A different kind of New Zealand rugby talent will be on display in France in October. Though these historical forwards and spectators are only 17 centimetres tall.
The First World War rugby diorama being installed at the Musée de la Grande Guerre at Meaux is part of the Ngā Tapuwae Western Front Trails – a WW100 legacy project where New Zealand’s story on the Western Front is brought to life through captivating audio guides, soldiers' personal stories and historical insights.
As part of Ngā Tapuwae New Zealand First World War Trails project, Wellington-based company Locales worked with a range of New Zealand companies to create the 800mm by 600mm diorama.
The model depicts a scene from 17 February 1918 when the New Zealand Divisional rugby team played against the French Army team at Parc des Princes in Paris.
View of the rugby diorama.
Arts, Culture and Heritage Minister Maggie Barry will be viewing the diorama on 2 October, as part of a European visit where she is meeting with several First World War Centenary partners in both France and Belgium.
Locales’ Director Chris Hay, who has been working on the Ngā Tapuwae Trails project for the past two years, is very pleased with the rugby diorama, one of three being installed on the former Western Front.
“Due to the size of the diorama all the figures had to be custom-made. We took a computer model of the figure and then adjusted its shape and used 3D printing with a liquid resin to get the life-like models. Every single figure in the line out and in the crowd has been individually crafted,” says Chris.
Another view of the rugby diorama.
The diorama is made from a mixture of materials: the rugby field is made out of Astro Turf and poly filler, the seating in the crowd has been crafted out of brass and cardboard, and the clothing and hair is sculpted from epoxy putty.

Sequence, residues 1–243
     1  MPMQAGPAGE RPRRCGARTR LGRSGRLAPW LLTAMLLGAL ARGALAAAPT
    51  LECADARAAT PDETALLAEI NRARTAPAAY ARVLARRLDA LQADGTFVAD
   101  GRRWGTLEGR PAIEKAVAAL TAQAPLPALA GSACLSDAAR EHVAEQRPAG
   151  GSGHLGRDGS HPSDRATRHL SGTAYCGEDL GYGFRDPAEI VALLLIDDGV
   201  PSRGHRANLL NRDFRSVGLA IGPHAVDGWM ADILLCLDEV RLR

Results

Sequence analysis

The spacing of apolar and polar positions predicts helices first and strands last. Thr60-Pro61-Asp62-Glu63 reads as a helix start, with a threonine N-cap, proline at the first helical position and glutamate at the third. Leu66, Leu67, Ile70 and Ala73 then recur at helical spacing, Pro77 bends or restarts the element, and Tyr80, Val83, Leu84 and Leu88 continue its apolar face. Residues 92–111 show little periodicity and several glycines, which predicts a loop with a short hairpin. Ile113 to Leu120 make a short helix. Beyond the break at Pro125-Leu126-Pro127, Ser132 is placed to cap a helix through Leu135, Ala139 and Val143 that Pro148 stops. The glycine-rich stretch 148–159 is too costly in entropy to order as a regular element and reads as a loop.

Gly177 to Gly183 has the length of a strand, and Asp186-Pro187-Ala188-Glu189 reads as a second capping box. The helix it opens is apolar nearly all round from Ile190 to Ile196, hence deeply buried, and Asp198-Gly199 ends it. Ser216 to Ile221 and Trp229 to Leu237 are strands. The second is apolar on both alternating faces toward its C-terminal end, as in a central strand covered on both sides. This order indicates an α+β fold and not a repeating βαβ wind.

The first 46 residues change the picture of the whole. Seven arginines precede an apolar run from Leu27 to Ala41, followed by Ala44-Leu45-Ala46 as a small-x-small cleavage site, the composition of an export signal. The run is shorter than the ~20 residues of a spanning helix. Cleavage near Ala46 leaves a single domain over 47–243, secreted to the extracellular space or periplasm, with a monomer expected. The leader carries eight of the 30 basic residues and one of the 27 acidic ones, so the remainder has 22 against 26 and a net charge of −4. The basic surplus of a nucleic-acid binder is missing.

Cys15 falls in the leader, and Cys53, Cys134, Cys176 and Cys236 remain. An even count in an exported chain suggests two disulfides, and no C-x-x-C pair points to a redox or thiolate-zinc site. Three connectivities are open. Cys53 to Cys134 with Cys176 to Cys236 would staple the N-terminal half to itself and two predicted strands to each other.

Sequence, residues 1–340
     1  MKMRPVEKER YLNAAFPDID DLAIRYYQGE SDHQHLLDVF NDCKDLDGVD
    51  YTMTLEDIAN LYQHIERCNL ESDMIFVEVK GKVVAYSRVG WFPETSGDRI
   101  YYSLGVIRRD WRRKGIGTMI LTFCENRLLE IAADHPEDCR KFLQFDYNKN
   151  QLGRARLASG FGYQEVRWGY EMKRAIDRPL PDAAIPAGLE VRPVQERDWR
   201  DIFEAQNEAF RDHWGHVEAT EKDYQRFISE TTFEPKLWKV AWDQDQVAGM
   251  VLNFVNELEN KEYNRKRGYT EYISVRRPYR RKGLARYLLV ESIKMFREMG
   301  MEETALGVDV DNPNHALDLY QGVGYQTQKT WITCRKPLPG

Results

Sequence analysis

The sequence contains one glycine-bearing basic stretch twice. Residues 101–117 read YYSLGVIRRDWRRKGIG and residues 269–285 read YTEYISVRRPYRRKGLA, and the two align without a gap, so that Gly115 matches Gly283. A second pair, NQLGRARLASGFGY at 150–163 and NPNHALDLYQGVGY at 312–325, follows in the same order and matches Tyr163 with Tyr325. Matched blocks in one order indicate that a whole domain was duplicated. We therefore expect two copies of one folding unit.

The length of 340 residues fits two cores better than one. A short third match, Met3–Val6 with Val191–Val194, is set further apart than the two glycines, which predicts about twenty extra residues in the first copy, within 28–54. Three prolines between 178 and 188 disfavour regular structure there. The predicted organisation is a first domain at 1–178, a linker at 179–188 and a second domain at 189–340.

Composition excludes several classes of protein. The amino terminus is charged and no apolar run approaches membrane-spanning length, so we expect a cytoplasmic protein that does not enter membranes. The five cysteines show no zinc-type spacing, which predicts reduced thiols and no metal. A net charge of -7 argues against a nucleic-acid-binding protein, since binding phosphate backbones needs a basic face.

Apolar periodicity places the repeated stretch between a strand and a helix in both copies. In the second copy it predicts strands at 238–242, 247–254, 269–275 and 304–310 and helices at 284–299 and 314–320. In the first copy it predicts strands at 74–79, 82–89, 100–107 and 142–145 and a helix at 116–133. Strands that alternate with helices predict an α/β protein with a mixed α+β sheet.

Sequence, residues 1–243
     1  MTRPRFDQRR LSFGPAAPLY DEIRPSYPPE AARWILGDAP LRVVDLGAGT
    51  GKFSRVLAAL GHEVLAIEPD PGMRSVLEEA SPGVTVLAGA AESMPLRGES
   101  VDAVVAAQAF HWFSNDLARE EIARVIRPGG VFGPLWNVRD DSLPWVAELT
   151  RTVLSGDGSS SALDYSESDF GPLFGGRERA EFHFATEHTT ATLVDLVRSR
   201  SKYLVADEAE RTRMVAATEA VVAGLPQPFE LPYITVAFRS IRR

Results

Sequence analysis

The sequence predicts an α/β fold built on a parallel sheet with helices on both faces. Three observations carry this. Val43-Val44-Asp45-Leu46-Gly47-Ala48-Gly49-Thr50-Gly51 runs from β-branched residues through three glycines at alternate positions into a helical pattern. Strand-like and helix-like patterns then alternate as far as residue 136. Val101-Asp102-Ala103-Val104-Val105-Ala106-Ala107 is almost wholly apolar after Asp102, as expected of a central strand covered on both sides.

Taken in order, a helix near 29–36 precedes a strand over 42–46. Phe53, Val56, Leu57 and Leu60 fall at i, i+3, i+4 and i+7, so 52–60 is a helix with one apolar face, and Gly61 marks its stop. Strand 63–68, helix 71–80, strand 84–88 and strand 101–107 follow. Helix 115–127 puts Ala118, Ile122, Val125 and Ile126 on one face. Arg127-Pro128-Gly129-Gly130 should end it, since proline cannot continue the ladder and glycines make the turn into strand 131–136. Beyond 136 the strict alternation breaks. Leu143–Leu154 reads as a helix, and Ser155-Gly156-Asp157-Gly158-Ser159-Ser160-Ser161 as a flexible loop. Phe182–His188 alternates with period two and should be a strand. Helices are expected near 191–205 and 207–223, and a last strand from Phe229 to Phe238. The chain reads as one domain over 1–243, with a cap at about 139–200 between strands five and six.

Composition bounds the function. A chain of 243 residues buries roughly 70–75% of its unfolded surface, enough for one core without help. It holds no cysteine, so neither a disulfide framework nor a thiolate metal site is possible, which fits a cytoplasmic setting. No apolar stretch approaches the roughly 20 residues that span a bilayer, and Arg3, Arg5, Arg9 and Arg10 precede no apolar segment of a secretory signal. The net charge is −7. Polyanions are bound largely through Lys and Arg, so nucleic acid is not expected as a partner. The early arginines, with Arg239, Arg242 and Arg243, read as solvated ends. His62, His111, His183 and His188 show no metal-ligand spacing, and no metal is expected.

Wellington-based model maker John Harvey and his team spent six weeks on the diorama, which was recently shipped over to France.
“It has been really interesting working with new and old technology to bring this historical scene to life,” says John.
The central resource around which the diorama is based is a 1918 film clip owned by Ngā Taonga Sound & Vision. The film, shot by Henry Armytage Sanders, shows snippets of the game, which was won by New Zealand 5-3.
Because the film was in black and white, New Zealand historians assisted with the diorama’s accuracy by providing insights into the colours of the French rugby uniforms and crowd attire.
The Evening Standard revealed how close the French team came to winning the match. “Play was even in the first half, and in the second France kept the direction of the game until the last five minutes.”
Lieutenant A S Muhr, the American match referee, forgot how long each half was played for, so they ended up playing only 30 minutes in the first half and then 45 minutes for the second half.
Rugby in the First World War, along with other recreational activities was used to boost morale and keep the soldiers motivated through harsh European winters.
Two other dioramas are also currently being installed. One is a recreated scene from the Arras tunnels and will be on display in the Carrière Wellington Museum in Arras, France. The other diorama depicts New Zealand soldiers reading and writing letters inside their shelters in catacombs beneath the Western Front. This model will be displayed at Plugstreet 14-18 Museum in Belgium.
Updated on 16th October 2015